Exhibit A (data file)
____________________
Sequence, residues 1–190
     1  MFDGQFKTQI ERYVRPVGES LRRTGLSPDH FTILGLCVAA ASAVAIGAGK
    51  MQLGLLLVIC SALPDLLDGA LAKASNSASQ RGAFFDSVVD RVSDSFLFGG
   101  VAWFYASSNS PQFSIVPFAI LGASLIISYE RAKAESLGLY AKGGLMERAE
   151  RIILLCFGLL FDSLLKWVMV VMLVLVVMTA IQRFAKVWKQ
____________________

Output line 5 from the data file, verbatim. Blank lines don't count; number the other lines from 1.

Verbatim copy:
   151  RIILLCFGLL FDSLLKWVMV VMLVLVVMTA IQRFAKVWKQ